In Jaicee’s oral closing submissions for herself and her father, the appellants had for the first time advanced a defence under Article 8 of the Convention but Judge May did not make any reference to that defence in her judgment.

At the end of the trial on 25 July 2013 Judge May ordered possession of the Property on or before 5 September 2013.

Mr L sought permission to appeal the possession order to the Court of Appeal, at least in part on the basis that Judge May had failed to consider the Article 8 defence raised or Mr L’s circumstances. At renewed oral permission hearing on 12 November 2013, Arden LJ dismissed the application, but added:

“16. I am bound to say that there must be a correlation between any right to respect for home and the judge’s finding that the home at Ashbrook House was not a principal home. In favour of Article 8 is, of course, the point that Mr. Lawal has lived in the property for some 39 years and is now 76; in other words, a long-time connection with the property. But as against that, of course, it has to be said that the judge had found it was not his principal home and that is a point on which I cannot give permission to appeal.
17. However it is, in my judgment, a point that Mr. Lawal was entitled to have considered by the Court and if it was not considered by the Court on making the possession order it would, it seems to me, have been the judge’s intention that it should have been dealt with before a warrant for possession was issued.
18. It appears a warrant for possession has been issued. I have had a brief look at the Rules while in court and … it seems to me … that the person in actual occupation of [the Property] should have received notice of proceedings to get a warrant for possession. …[I]t seems to me that there must be the possibility that there was some procedure then or now capable of being used in the county court for the purpose of having that claim adjudicated upon. …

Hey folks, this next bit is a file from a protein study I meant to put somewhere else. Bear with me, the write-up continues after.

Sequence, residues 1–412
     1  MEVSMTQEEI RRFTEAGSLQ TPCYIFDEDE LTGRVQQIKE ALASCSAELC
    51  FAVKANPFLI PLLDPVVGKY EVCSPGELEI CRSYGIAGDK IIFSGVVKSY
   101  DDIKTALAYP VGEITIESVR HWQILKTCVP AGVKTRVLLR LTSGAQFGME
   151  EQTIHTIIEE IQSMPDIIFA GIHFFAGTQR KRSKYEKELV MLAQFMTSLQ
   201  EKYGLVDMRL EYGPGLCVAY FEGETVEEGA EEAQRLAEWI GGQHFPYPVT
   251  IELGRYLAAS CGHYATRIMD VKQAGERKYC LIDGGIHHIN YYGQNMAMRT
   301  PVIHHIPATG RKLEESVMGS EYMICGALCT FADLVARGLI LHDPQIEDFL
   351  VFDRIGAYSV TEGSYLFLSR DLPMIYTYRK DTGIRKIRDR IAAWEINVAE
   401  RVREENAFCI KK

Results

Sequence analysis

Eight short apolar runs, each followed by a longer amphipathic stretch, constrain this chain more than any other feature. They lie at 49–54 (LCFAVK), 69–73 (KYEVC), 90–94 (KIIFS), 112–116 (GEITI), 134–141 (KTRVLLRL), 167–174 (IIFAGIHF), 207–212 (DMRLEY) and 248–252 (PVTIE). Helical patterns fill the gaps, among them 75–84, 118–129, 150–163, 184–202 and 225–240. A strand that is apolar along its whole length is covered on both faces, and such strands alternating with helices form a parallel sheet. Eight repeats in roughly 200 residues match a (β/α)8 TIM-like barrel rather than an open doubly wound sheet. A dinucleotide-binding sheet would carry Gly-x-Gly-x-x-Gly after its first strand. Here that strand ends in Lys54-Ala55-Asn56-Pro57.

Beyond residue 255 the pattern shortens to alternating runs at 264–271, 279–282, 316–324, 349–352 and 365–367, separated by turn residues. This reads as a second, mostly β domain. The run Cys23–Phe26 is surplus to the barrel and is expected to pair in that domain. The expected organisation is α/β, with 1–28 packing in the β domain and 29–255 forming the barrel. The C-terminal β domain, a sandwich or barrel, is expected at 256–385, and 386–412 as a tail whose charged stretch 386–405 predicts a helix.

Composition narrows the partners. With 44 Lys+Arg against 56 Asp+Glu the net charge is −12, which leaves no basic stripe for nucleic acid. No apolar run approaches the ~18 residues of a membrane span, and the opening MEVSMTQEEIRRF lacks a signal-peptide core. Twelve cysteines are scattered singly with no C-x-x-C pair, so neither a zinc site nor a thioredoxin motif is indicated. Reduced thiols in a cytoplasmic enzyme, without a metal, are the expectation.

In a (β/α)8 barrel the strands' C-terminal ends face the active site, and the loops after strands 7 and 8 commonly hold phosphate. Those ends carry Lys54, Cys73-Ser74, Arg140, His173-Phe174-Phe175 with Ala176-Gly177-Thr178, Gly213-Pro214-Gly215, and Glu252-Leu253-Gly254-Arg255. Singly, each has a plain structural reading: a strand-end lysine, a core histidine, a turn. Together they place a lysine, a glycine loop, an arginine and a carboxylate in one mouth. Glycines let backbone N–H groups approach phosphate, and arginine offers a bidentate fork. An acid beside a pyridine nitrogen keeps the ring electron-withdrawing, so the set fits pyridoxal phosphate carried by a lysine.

19. If there is a procedural requirement, as I believe there was, in the Shoreditch County Court, then as I see it that requirement will be very closely connected with the notice of appeal which is before the court and it may be a matter which can be brought within it. What I propose to do is to grant a stay for 14 days to allow Mr. and Ms. Lawal to investigate whether or not there is a procedure within the Shoreditch County Court for them to raise the Article 8 point by way of asking for the warrant for possession to be rescinded or varied, or for further time to be given. Only if that procedure is not available would there be any question of any further consideration by this court which would have to be by way of letter to the court.”

The resulting order stated “(1) the application for permission to appeal and a stay of execution was refused, and (2) a stay was granted for 14 days to enable the appellants to ascertain from the County Court whether they could apply in respect of their Article 8 claim and, if not, to file a further notice of appeal in respect of that refusal or (if so advised) to seek to reopen the appeal.”

Mr L then applied to Shoreditch County Court to set aside the possession order and/or stay the warrant. Before the hearing, Mr L obtained representation. That application was dismissed by Judge Mitchell in March 2014. He held:

i) the application under CPR 3.7(1) was dismissed because there had been neither a material change in circumstances since that order was made nor any misstatement or omission in the material placed before Judge May.